FINAL UNTIL TIME EXPIRES TO FILE REHEARING MOTION AND, IF
from the Circuit Court for Manatee County; Edward Nicholas,
L. Dimmig, II, Public Defender, and Matthew D. Bernstein,
Assistant Public Defender, Bartow, for Appellant.
Jo Bondi, Attorney General, Tallahassee, and Johnny T.
Salgado, Assistant Attorney General, Tampa, for Appellee.
ROTHSTEIN- YOUAKIM, JUDGE.
appeal originally came to us pursuant to Anders v.
California, 386 U.S. 738 (1967). Upon our de novo review
of the record and after ordering additional briefing, we
affirm the judgment and sentence, as well as the order of sex
offender probation that was signed on June 29, 2016, but was
not filed until September 8, 2016. However, because the trial
court lacked jurisdiction to impose conditions of sex
offender probation that it previously had affirmatively
declined to impose, we vacate the trial court's September
8, 2016, order modifying that June 29, 2016, order without
prejudice to a timely modification under Florida Rule of
Criminal Procedure 3.800(c) following the issuance of our
mandate in this appeal.
29, 2016, on remand following this court's vacatur of
Sameh Salib Soliman's conviction for using a computer to
solicit a child to commit a sex act, see Soliman v.
State, 185 So.3d 647, 648-49 (Fla. 2d DCA 2016), the
trial court orally resentenced Soliman to concurrent terms of
three years' imprisonment for traveling to meet a minor
(count one), see § 847.0135(4)(a), Fla. Stat.
(2013), and attempted lewd or lascivious battery (count
three), see §§ 800.04(4)(a), 777.04, Fla.
Stat. (2013). The court ordered that those terms be followed
by concurrent terms of three years' sex offender
probation on count one and two years' sex offender
probation on count three. The court expressly and
affirmatively declined, however, to impose most of the
conditions of sex offender probation,  although those
conditions were statutorily mandatory for count three.
See § 948.30, Fla. Stat. (2013).
September 8, 2016-after the trial court had orally pronounced
the sentence and after Soliman had filed the notice of appeal
giving rise to this appeal but before the court had filed any
written order of sex offender probation with the clerk of the
circuit court-the court, pursuant to the parties'
stipulation, ordered that Soliman's sentence be modified
to include conditions of sex offender probation that it
previously had affirmatively declined to include. Neither the
parties' stipulation nor the court's order identified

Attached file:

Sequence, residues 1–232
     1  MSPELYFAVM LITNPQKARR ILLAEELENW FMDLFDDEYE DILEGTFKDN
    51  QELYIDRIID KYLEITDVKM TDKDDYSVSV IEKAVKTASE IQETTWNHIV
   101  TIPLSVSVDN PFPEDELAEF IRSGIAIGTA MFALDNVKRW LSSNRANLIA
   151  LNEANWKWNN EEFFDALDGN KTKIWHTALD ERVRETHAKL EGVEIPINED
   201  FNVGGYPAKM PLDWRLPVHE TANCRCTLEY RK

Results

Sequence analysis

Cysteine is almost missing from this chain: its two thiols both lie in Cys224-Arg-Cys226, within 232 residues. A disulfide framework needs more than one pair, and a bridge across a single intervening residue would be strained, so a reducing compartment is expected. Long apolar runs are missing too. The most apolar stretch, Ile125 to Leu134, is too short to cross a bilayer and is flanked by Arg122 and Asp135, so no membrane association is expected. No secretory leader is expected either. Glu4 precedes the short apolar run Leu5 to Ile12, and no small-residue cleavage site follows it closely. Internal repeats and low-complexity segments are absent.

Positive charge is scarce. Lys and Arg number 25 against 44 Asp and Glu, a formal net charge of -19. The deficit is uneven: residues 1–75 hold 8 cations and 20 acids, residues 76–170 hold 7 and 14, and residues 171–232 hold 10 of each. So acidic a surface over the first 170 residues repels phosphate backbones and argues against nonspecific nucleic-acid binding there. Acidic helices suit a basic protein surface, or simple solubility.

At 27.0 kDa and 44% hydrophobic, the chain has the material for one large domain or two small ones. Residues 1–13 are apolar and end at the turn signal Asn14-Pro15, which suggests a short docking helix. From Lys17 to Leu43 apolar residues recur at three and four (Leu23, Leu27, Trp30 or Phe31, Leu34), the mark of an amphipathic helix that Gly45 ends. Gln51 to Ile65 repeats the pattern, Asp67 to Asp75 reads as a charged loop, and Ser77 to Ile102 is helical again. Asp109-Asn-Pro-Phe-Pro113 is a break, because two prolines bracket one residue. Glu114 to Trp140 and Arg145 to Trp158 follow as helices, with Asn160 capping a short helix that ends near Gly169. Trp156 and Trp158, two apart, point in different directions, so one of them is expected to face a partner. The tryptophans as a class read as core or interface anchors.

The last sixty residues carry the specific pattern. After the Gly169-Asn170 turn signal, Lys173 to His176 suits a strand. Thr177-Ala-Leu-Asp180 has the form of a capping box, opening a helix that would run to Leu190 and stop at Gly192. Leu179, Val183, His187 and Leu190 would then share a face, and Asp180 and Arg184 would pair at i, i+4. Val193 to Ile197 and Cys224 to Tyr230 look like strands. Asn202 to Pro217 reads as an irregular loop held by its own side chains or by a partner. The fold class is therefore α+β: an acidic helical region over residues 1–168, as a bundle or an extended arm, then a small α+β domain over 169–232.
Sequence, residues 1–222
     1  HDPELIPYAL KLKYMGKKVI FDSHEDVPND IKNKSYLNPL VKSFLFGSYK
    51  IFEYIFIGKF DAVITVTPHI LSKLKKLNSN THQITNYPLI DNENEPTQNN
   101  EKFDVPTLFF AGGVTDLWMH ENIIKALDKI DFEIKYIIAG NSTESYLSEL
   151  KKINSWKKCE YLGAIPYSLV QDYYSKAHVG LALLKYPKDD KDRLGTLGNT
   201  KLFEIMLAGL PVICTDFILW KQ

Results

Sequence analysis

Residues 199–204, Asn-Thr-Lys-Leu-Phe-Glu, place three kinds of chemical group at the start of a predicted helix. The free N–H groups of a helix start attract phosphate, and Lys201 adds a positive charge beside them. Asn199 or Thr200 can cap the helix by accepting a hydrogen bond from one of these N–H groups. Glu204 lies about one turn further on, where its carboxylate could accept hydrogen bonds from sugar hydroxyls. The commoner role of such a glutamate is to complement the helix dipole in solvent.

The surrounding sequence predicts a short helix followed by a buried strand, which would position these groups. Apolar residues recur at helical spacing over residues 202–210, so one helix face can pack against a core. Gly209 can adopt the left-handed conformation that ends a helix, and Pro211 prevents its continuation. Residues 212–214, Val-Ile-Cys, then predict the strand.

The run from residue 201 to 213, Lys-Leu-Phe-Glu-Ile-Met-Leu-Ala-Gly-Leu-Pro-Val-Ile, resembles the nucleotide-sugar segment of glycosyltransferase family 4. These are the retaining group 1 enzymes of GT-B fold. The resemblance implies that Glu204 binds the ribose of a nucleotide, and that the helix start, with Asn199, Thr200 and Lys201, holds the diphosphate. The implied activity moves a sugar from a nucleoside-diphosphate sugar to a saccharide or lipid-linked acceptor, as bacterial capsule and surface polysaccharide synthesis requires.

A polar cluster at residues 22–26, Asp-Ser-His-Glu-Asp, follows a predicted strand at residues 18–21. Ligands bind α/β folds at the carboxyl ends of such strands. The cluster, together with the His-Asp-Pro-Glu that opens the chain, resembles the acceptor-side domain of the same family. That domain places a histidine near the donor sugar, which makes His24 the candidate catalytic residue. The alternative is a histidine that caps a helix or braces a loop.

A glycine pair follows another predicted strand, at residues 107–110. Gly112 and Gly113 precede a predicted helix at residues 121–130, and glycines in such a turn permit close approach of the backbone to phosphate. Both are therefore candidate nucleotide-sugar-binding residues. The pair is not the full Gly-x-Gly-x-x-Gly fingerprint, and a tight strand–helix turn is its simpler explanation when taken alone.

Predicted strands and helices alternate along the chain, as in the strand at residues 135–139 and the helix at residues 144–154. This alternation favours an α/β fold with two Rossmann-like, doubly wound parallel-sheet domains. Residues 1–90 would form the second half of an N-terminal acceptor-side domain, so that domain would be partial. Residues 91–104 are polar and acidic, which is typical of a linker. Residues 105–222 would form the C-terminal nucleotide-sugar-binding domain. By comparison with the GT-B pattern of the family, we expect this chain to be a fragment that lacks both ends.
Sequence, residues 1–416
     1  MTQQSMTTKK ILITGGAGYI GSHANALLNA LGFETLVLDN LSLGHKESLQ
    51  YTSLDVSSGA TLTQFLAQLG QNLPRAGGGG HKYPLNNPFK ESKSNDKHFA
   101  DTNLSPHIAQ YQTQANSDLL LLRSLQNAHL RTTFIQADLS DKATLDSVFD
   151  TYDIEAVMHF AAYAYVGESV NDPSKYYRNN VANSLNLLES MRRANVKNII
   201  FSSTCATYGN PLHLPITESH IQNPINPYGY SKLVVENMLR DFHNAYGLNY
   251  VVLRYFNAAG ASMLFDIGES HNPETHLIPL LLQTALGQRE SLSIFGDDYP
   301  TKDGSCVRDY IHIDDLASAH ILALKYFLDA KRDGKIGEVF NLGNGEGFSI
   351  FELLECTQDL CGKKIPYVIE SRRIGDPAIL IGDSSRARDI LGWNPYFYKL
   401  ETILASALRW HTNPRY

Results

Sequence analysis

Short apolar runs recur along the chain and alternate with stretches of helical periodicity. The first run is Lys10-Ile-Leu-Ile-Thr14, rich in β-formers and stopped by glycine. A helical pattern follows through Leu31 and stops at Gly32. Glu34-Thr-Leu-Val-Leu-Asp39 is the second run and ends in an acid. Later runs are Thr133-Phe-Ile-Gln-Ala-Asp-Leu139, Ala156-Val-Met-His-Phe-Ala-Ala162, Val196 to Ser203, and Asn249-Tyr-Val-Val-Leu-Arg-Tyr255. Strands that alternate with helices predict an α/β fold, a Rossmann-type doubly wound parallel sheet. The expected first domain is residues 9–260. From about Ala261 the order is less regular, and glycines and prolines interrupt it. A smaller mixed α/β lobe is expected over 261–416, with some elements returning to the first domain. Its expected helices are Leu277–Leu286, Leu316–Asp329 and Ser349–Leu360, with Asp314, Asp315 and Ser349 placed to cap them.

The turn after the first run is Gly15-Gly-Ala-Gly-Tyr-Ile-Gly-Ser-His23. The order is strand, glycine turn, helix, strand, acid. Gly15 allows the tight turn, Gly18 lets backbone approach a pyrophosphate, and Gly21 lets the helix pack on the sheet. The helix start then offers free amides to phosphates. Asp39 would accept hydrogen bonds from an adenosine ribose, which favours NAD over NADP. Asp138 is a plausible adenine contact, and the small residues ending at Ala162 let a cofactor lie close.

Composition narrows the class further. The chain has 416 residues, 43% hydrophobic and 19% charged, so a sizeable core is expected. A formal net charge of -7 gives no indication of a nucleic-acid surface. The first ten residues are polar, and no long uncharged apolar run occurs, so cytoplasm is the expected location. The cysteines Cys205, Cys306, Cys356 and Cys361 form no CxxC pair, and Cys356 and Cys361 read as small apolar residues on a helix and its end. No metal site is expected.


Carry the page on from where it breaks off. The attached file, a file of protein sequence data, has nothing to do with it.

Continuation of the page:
any authority for the court's modification of the
conditions of Soliman's sex offender probation at that
point. On that same date, the trial court filed both the
order granting the parties' stipulation and its order of
sex offender probation. This written order of sex offender
probation, however, bore a signature date of June 29, 2016,
and was, on its face, consistent with the court's oral
pronouncement rather than with the court's modification
trial court lacked jurisdiction to modify the conditions of
Soliman's sex offender probation. In Poplar v State, 842
So.2d 902, 903 (Fla 2d DCA 2003), this court adopted the
rationale of Kiriazes v State, 798 So.2d 789, 792-94 (Fla 5th
DCA 2001), which held that the failure to impose mandatory
standard conditions of sex offender probation results in an
"incomplete" sentence correctable under rule
3800(c) See also Schutte v State, 824 So.2d 308, 308 (Fla 1st
DCA 2002) (following Kiriazes) But see Beal v State, 978
So.2d 825, 825-27 (Fla 1st DCA 2008) (Padovano, J, concurring
in result) (explaining why failing to impose statutorily
mandated condition of probation should instead be
characterized as resulting in "illegal" sentence
correctable under rule 3.800(a)). That rule permits a court to
reduce or modify to include any of the provisions of chapter
948, Florida Statutes, a legal sentence imposed by it, sua
sponte, or upon motion filed, within 60 days after the
imposition, or within 60 days after receipt by the court of a
mandate issued by the appellate court on affirmance of the
judgment and/or sentence on an original appeal . . . .
Fla. R. Crim. P. 3.800(c).
"imposition" of the legal sentence that triggered
the first sixty-day window, however, was the trial
court's oral pronouncement of June 29, 2016. See
Fla. R. Crim. P. 3.700(a) ("The term sentence means the
pronouncement by the court of the penalty imposed on a
defendant for the offense of which the defendant has been
adjudged guilty."); Gonzalez v. State, 979
So.2d 1257, 1259 (Fla. 3d DCA 2008) ("The State
maintains that 'imposition' of sentence means the
oral pronouncement required by Florida Rule of Criminal
Procedure 3.700, and that the oral pronouncement should start
the time period for purposes of rule 3.800(c). We
agree."). The sixtieth day following sentencing was
Sunday, August 28, 2016, so the parties had until Monday,
August 29, 2016, to timely move under rule 3.800(c). See
also Fla. R. Crim. P. 3.040; Fla. R. Jud. Admin.
2.514(a)(1)(C). The parties' undated stipulation was not
filed until September 8, 2016. Therefore, construed as a
motion under rule 3.800(c), the stipulation was untimely and,
therefore, inadequate to vest in the trial court jurisdiction
to add to the conditions of sex offender probation those
conditions that it had previously explicitly declined to
impose. See Poplar, 842 So.2d at 903 (quoting
Kiriazes, 798 So.2d at 794).
the trial court lacked jurisdiction to modify its oral
pronouncement of the conditions imposed on Soliman's sex
offender probation. We thus vacate the trial court's
September 8, 2016, order modifying its June 29, 2016, order
of sex offender probation without prejudice to a timely
modification under rule 3.800(c) following the issuance of
our mandate in this appeal. In all other respects, we affirm
the judgment and sentence, ...